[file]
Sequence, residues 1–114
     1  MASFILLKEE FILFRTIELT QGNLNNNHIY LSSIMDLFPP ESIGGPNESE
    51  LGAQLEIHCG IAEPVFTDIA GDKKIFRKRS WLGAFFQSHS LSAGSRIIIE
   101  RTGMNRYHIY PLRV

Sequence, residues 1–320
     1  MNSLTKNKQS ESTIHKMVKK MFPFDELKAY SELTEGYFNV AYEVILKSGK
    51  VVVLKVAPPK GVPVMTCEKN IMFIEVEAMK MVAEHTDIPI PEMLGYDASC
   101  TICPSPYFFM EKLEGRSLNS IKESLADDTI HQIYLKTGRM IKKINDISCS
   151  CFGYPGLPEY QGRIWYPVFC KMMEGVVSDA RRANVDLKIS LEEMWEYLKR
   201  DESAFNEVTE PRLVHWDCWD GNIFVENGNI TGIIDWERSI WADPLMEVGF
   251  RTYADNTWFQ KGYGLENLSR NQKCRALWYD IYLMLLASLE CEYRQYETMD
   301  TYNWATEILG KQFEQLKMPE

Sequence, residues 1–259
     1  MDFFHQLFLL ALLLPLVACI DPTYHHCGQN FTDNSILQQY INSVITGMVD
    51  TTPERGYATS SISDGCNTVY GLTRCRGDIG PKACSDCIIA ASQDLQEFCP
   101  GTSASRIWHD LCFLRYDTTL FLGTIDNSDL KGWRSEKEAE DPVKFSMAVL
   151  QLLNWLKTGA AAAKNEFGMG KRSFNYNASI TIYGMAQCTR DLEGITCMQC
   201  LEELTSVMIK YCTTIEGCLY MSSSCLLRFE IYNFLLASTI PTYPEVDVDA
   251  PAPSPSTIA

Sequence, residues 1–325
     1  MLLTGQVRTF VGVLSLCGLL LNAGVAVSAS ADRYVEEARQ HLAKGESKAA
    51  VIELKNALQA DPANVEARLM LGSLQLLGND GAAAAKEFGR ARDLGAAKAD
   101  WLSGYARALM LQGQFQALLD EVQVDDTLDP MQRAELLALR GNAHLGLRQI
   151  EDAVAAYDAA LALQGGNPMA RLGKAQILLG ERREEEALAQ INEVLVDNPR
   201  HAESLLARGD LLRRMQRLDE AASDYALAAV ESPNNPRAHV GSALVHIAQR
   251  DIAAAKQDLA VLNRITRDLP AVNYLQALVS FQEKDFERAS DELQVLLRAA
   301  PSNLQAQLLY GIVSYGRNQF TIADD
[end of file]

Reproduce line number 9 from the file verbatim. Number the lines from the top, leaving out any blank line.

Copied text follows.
   151  CFGYPGLPEY QGRIWYPVFC KMMEGVVSDA RRANVDLKIS LEEMWEYLKR